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OPEC, Saudi Arabia, and the Shale Revolution: Insights from Equilibrium Modelling and Oil Politics

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  • Ansari, Dawud

Abstract

Why did OPEC not cut oil production in the wake of 2014’s price fall? This study aims at aiding the mostly qualitative discussion with quantitative evidence from computing quarterly partial market equi-libria Q4 2011 – Q4 2015 under present short-term profit maximisation and different competition set-ups. Although the model performs reasonably well in explaining pre-2014 prices, all setups fail to cap-ture low prices, which fall even beyond perfect competition outcomes. This result is robust with respect to large variations in cost parameters. Rejecting present short-term profit maximisation, as well as a qualitative discussion of Saudi Arabian politics and the shale oil revolution, lead to the conclusion that the price drop of 2014-16 was most plausibly the result of an attempt to defend market shares and to test for shale oil resilience, besides being fuelled by other factors such as tightening climate policies. Although shale oil might have increased competition permanently (as supported by model results), the agreement of December 2016 should not be misunderstood as an OPEC defeat.

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  • Ansari, Dawud, 2017. "OPEC, Saudi Arabia, and the Shale Revolution: Insights from Equilibrium Modelling and Oil Politics," MPRA Paper 78657, University Library of Munich, Germany.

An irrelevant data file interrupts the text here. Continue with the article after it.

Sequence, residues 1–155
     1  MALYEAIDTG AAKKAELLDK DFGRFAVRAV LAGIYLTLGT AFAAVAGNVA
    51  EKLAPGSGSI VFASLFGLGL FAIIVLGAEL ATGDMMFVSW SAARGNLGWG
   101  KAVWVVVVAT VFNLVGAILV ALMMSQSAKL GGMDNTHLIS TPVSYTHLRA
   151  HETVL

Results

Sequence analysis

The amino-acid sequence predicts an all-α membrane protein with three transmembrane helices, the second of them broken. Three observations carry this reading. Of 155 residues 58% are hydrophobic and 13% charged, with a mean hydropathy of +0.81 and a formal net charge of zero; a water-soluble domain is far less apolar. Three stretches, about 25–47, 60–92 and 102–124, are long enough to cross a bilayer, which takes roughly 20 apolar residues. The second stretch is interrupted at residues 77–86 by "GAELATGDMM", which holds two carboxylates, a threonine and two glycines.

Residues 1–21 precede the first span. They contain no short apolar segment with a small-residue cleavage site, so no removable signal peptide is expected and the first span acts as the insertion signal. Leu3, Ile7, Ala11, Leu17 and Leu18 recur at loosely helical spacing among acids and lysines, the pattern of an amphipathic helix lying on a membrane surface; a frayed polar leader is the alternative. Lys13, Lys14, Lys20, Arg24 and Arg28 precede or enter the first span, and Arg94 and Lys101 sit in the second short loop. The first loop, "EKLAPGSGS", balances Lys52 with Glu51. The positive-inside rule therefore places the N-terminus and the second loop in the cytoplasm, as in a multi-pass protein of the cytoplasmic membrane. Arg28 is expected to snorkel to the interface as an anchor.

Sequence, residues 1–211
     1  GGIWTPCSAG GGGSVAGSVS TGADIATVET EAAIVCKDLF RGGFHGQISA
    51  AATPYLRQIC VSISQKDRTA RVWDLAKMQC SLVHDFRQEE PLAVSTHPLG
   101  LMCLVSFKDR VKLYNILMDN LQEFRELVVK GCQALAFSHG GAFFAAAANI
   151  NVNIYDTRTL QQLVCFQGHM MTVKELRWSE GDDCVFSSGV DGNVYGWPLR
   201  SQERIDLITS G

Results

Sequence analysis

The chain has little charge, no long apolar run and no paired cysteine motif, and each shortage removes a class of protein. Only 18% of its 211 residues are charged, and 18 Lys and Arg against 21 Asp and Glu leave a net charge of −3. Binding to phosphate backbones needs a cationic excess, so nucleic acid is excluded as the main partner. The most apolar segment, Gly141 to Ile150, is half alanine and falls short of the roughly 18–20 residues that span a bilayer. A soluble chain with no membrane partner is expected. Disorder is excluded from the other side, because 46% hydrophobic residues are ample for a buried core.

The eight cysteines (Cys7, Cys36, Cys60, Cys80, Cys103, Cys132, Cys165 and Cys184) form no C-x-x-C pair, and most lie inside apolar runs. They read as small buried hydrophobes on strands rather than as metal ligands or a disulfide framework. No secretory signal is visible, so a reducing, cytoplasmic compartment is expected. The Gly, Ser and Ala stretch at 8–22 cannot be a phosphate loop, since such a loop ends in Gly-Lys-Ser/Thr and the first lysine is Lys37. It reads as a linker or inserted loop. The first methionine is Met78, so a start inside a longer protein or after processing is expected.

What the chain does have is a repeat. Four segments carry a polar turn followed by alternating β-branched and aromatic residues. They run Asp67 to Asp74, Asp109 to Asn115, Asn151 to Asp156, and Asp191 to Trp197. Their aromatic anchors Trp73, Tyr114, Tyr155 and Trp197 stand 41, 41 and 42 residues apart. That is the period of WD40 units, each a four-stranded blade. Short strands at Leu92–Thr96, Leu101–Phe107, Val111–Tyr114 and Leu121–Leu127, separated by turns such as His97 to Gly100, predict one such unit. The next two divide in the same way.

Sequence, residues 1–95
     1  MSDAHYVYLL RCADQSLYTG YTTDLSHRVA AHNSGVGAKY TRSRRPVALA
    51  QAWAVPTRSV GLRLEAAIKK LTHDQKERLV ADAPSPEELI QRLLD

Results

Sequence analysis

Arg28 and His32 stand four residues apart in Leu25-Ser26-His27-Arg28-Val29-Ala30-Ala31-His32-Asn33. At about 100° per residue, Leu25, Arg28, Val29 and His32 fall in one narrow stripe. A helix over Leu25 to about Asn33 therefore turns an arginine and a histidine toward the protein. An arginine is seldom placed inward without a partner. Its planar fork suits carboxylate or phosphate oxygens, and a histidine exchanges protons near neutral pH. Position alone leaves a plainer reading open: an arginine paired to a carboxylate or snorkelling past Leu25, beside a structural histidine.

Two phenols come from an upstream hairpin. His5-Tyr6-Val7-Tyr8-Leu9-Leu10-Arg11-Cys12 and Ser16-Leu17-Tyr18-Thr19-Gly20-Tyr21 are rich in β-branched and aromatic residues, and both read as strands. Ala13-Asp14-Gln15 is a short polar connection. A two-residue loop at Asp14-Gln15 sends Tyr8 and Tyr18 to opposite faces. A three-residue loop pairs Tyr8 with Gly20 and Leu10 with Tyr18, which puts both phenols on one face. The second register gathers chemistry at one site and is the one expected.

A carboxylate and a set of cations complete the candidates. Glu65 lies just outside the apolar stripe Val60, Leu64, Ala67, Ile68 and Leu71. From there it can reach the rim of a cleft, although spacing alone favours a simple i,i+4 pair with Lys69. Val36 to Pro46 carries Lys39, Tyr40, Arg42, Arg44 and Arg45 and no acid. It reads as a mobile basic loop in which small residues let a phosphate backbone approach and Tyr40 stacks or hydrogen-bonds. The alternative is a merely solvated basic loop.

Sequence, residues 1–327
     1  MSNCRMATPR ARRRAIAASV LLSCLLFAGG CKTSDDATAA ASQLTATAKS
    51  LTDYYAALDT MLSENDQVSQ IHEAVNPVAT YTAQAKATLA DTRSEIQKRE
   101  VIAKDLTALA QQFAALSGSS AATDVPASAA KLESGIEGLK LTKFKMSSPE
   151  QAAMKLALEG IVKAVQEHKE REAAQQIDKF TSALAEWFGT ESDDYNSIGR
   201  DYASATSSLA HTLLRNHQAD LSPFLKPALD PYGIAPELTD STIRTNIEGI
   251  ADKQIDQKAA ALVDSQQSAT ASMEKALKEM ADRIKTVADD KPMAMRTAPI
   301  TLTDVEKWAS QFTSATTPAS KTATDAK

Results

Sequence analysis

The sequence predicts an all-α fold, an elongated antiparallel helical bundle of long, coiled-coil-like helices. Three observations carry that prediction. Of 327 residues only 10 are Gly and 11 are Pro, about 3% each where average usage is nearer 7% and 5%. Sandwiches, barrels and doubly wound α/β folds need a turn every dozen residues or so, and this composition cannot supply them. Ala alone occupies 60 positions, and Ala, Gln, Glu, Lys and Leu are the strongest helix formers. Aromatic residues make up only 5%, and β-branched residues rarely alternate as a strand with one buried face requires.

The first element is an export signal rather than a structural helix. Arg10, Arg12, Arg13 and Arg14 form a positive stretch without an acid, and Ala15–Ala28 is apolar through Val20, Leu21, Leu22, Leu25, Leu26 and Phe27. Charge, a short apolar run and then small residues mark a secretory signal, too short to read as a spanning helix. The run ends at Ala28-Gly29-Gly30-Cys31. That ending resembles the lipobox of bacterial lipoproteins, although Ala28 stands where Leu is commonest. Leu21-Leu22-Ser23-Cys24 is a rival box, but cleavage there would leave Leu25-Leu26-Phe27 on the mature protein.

• Handle: RePEc:pra:mprapa:78657
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    Cited by:

    1. Al Rousan, Sahel & Sbia, Rashid & Tas, Bedri Kamil Onur, 2018. "A dynamic network analysis of the world oil market: Analysis of OPEC and non-OPEC members," Energy Economics, Elsevier, vol. 75(C), pages 28-41.
    2. Afees Adebare Salisu & Idris A. Adediran, 2018. "The U.S. Shale Oil Revolution and the Behavior of Commodity Prices," Econometric Research in Finance, SGH Warsaw School of Economics, Collegium of Economic Analysis, vol. 3(1), pages 27-53, September.
    3. Kim, Myung Suk, 2018. "Impacts of supply and demand factors on declining oil prices," Energy, Elsevier, vol. 155(C), pages 1059-1065.
    4. Berk, Istemi & Çam , Eren, 2019. "The Shift in Global Crude Oil Market Structure: A model-based analysis of the period 2013–2017," EWI Working Papers 2019-5, Energiewirtschaftliches Institut an der Universitaet zu Koeln (EWI).
    5. Zhenhua Liu & Zhihua Ding & Tao Lv & Jy S. Wu & Wei Qiang, 2019. "Financial factors affecting oil price change and oil-stock interactions: a review and future perspectives," Natural Hazards: Journal of the International Society for the Prevention and Mitigation of Natural Hazards, Springer;International Society for the Prevention and Mitigation of Natural Hazards, vol. 95(1), pages 207-225, January.

    More about this item

    Keywords

    Crude oil; OPEC; Shale oil; Oil price; Equilibrium modelling; Saudi Arabia; Shale revolution;

    JEL classification:

    • C61 - Mathematical and Quantitative Methods - - Mathematical Methods; Programming Models; Mathematical and Simulation Modeling - - - Optimization Techniques; Programming Models; Dynamic Analysis
    • C63 - Mathematical and Quantitative Methods - - Mathematical Methods; Programming Models; Mathematical and Simulation Modeling - - - Computational Techniques
    • L13 - Industrial Organization - - Market Structure, Firm Strategy, and Market Performance - - - Oligopoly and Other Imperfect Markets
    • L71 - Industrial Organization - - Industry Studies: Primary Products and Construction - - - Mining, Extraction, and Refining: Hydrocarbon Fuels
    • O53 - Economic Development, Innovation, Technological Change, and Growth - - Economywide Country Studies - - - Asia including Middle East
    • Q31 - Agricultural and Natural Resource Economics; Environmental and Ecological Economics - - Nonrenewable Resources and Conservation - - - Demand and Supply; Prices
    • Q35 - Agricultural and Natural Resource Economics; Environmental and Ecological Economics - - Nonrenewable Resources and Conservation - - - Hydrocarbon Resources

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